According to Just Desserts, as soon as the roaches were poured into the bright apartment set, they ran from the light, wedging themselves into any available crevice (inside the computer, phone, etc). The wranglers apparently tried to keep the roaches from escaping the room by smearing the top of the set wall with Vaseline, but those bad boys just ran right over that. Each time they poured out the barrels of roaches, they'd only manage to get about half of them back—my nightmare scenario.
3. THE NEST (1988)
Produced by Julie Corman (wife of Roger Corman), The Nest (not to be confused with They Nest a.k.a. Creepy Crawlies) is terrible cinema at its finest. North Port is a small New England fishing town besieged with killer cockroaches that travel in hordes, picking clean the carcasses of anything that gets in their path. The plot is very dumb, including a ridiculously evil (and way too sexy) Lady Scientist (Terri Treas). There are real roaches in The Nest, but the rivers of roaches shown in the tunnel is just stock footage from someplace like Trinidad, where the roaches run like rivers. If the roaches that you actually see outside of the cave all look sort of different, it's because they were all just yoinked off the street. According to a comment on IMDB, the studio where the movie was shot had a cockroach problem for several years after the shoot ended.
And the movie poster is amazing.
4. ARACHNOPHOBIA (1990)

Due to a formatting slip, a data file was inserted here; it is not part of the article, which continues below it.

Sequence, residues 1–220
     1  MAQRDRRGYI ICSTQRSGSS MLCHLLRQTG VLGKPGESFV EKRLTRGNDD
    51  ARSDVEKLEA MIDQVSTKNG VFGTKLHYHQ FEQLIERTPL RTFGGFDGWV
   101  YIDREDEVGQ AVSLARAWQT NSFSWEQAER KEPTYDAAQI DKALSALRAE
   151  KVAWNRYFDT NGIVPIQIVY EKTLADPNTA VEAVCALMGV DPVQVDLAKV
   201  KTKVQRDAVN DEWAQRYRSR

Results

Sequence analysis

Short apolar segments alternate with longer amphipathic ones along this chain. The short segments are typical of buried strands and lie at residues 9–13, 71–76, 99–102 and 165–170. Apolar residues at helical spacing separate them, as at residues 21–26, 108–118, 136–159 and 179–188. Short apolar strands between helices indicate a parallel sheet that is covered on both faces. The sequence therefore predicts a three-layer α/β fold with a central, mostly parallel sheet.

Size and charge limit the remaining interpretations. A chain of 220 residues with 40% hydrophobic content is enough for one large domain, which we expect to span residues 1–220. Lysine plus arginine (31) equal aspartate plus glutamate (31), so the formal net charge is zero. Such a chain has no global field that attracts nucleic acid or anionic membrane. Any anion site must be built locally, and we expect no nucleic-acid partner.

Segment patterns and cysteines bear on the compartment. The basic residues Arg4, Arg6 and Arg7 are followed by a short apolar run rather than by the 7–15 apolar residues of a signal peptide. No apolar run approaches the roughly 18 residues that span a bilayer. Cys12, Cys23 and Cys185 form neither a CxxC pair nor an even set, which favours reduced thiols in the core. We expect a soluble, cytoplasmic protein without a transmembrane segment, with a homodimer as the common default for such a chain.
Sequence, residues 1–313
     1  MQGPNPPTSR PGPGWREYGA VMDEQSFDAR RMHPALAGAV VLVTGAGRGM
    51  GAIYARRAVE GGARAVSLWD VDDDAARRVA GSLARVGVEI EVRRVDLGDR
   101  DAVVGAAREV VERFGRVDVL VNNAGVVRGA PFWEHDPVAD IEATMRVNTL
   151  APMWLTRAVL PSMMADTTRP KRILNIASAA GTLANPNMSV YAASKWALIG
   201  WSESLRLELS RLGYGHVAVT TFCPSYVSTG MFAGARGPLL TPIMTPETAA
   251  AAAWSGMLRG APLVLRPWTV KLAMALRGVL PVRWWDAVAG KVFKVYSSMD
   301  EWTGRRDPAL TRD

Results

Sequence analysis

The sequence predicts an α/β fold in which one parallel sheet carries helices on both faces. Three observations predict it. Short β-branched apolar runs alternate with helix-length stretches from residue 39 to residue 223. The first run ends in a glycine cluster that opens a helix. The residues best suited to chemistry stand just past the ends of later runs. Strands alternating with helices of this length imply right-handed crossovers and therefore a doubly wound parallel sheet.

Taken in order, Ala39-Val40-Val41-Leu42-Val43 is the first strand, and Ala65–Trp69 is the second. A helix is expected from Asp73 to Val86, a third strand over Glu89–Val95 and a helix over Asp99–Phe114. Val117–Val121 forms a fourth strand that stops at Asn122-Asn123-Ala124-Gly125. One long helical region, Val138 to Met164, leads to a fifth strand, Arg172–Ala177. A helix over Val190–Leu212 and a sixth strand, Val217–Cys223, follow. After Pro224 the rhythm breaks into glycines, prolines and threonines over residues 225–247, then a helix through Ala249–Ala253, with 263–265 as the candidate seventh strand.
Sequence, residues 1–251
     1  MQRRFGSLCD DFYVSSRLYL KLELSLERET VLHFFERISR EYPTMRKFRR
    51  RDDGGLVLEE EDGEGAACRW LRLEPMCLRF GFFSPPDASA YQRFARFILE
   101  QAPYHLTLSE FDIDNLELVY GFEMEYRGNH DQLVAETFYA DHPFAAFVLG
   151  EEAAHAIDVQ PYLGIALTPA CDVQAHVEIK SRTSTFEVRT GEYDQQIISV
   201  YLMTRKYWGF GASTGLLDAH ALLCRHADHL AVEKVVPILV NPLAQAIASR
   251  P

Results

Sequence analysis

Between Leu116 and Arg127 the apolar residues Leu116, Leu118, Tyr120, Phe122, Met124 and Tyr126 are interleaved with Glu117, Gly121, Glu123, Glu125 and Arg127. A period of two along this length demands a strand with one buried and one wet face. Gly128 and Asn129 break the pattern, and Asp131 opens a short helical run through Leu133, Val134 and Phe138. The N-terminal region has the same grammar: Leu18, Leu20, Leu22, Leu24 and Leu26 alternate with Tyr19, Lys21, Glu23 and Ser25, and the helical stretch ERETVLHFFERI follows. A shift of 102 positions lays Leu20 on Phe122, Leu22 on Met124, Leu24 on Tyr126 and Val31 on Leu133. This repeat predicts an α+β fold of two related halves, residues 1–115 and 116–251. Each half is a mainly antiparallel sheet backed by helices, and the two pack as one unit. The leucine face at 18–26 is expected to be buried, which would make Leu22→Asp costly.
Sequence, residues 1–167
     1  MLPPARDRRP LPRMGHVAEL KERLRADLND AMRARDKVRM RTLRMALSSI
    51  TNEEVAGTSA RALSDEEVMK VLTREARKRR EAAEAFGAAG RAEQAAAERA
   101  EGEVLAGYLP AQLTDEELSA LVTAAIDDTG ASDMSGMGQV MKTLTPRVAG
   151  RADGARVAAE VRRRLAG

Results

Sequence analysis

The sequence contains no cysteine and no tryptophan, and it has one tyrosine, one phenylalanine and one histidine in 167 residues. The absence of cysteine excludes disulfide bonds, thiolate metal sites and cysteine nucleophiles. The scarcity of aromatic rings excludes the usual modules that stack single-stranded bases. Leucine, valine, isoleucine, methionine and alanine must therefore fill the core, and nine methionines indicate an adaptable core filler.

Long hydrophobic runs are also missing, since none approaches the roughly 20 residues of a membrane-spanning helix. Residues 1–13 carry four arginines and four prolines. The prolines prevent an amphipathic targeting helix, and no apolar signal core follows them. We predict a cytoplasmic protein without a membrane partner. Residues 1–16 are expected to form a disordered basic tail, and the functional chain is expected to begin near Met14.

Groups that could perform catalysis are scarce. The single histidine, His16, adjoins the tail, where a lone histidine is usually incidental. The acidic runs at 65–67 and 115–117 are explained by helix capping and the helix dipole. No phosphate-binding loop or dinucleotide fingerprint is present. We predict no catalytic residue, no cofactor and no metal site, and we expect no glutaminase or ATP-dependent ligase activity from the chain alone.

I know, I know a spider is not actually an insect or a bug. But Arachnophobia is a scary, well-done movie about arthropods that multitudes of people are afraid of, so I included it. Deal with it, nerds.
Arachnophobia, Frank Marshall's directorial debut, tells the story of a Dr. Ross Jennings, a young doctor (Jeff Daniels) who moves his family from the big city to the country to take over the practice of the retiring town doctor. The young doctor, who has a debilitating fear of spiders, soon finds that some of his patients are dying from what seem to be (and definitely are) spider bites. The little spiders running all around town are, unbeknownst to Jennings, the spawn of a huge spider who hitched its way to the U.S. from Venezuela earlier in the movie by climbing into the coffin of one of its victims.
That spider, an eight-inch Amazonian bird-eating tarantula, was actually known on set as "Big Bob." According to an LA Times article from 1990, Marshall employed six spider "wranglers" who were responsible for handling up to 100 spiders at a time. Five types of spider were used in the the movie, but most are the delena spider (also known as the Avondale spider, or the huntsman spider in Australia) from New Zealand. The delena was chosen by the filmmakers who held a "spider Olympics," to see which spiders were best at walking up a wall, across a piece of string, or climbing into a glass. The delena is harmless, and also has the bonus feature of two legs in front that are longer than the rest, giving it a certain special eeriness.